The key issues to be determined in this post-trial decision are whether it is in the child's best interests to vest all final decision-making authority with the mother, and, in effect, make her the sole custodial parent. There is also a secondary issue as to whether the father's parenting-time with the child should be modified from what it has been since the parties' separation more two and a half years ago.

         I. Background and Trial Testimony

         The parties were married in 1999. Their only child, a son, was born in 2007. Although the parties, both of whom received an MBA at Wharton, attained great professional success and together lived a privileged Manhattan lifestyle, never seemed to have enjoyed being married to one another. The tensions in the relationship only intensified after the birth of the child in 2007, and neither marital therapy, nor the services of a parent coordinator, proved to be helpful. In 2013, the father revealed he had been engaged in another relationship and that he was seeking a different type of life than the one he could have with the mother. After this announcement, the parties decided to separate.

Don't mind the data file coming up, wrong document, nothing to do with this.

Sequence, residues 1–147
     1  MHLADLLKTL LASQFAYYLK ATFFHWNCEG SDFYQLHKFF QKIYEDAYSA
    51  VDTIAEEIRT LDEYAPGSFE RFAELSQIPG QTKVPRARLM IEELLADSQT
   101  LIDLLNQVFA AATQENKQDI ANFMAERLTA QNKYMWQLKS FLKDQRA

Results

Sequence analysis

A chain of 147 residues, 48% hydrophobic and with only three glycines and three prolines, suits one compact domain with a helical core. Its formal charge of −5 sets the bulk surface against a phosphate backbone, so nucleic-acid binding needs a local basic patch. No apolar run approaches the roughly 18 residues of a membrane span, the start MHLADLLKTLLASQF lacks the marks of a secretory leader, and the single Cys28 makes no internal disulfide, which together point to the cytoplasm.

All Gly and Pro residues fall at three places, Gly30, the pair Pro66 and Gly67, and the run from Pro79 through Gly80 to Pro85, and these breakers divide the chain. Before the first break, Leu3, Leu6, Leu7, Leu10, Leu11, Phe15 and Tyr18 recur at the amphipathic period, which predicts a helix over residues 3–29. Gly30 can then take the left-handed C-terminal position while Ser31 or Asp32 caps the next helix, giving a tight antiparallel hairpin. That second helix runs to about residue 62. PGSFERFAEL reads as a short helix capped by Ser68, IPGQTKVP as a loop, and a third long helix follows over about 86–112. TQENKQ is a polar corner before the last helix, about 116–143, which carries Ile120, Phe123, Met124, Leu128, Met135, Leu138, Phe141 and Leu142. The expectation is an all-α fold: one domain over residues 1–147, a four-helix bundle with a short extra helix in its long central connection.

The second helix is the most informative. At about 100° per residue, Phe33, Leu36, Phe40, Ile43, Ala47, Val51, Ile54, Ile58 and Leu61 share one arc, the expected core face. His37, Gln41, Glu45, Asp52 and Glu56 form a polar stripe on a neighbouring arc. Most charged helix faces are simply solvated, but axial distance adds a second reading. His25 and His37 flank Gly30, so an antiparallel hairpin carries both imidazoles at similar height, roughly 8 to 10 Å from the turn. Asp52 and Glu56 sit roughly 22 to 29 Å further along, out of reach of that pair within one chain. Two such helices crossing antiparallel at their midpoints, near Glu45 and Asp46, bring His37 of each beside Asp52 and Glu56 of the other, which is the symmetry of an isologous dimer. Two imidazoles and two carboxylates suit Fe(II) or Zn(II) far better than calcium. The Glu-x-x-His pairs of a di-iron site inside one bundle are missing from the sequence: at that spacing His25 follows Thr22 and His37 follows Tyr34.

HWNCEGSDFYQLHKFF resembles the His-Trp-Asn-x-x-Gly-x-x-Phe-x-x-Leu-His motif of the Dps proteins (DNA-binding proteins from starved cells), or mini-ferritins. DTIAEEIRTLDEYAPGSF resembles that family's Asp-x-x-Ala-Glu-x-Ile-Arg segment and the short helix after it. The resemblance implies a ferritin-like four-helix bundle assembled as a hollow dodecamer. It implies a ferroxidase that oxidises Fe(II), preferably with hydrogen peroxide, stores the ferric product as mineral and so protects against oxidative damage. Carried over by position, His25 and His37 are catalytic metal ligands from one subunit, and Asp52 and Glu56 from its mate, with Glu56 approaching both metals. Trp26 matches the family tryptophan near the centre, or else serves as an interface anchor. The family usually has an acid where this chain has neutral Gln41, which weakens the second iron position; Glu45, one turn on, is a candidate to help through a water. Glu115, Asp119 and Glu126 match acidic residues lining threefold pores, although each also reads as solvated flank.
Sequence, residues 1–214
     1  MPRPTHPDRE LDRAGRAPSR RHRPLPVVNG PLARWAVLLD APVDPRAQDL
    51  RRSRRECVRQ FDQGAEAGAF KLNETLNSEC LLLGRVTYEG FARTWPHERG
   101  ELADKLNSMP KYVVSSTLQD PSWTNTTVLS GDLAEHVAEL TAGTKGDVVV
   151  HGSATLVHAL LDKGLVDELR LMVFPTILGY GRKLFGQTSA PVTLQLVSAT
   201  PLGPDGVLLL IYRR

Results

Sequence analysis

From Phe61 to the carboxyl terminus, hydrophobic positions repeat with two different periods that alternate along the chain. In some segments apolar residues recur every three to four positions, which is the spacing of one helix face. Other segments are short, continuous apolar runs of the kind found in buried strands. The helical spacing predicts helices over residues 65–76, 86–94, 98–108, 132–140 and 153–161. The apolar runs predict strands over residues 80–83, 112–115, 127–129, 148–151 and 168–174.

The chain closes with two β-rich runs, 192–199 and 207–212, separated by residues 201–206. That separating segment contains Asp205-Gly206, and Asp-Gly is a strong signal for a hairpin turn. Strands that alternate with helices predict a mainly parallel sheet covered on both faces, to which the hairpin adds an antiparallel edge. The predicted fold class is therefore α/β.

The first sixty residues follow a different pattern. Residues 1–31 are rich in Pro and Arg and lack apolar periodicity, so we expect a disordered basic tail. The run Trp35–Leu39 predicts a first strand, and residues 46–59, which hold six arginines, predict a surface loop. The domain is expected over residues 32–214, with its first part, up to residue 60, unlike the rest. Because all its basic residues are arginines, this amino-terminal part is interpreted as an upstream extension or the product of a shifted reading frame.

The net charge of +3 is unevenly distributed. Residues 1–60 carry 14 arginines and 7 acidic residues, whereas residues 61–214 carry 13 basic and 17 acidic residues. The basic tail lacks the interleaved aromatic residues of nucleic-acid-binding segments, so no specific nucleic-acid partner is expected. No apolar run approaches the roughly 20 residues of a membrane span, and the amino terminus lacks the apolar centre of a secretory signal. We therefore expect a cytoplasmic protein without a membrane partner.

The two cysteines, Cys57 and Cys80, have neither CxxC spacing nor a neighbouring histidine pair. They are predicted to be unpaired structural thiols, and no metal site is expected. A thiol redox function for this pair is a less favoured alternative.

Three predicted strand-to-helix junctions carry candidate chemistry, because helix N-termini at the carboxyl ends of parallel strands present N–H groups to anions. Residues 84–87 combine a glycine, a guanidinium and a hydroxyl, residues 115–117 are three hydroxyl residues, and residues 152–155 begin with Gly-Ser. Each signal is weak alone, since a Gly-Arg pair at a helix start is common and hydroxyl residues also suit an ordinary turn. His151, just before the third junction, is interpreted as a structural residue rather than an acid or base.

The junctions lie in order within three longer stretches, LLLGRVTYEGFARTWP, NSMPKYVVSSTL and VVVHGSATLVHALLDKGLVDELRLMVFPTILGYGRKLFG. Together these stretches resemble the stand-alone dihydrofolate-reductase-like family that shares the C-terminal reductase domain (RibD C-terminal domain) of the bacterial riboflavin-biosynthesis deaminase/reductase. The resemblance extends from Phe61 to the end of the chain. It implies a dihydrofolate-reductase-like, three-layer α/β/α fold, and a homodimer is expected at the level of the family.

In January 2014, the father commenced this divorce action. In September 2014, the parties entered into an agreement setting forth an interim parental access schedule. Shortly thereafter, the father moved to his own apartment. For the next two years, the parties attempted to agree on a parenting plan. There were countless settlement conferences, both in court and out, and numerous draft agreements exchanged and redlined. Unfortunately, this effort was to no avail, and the parties were unable to reach a compromise.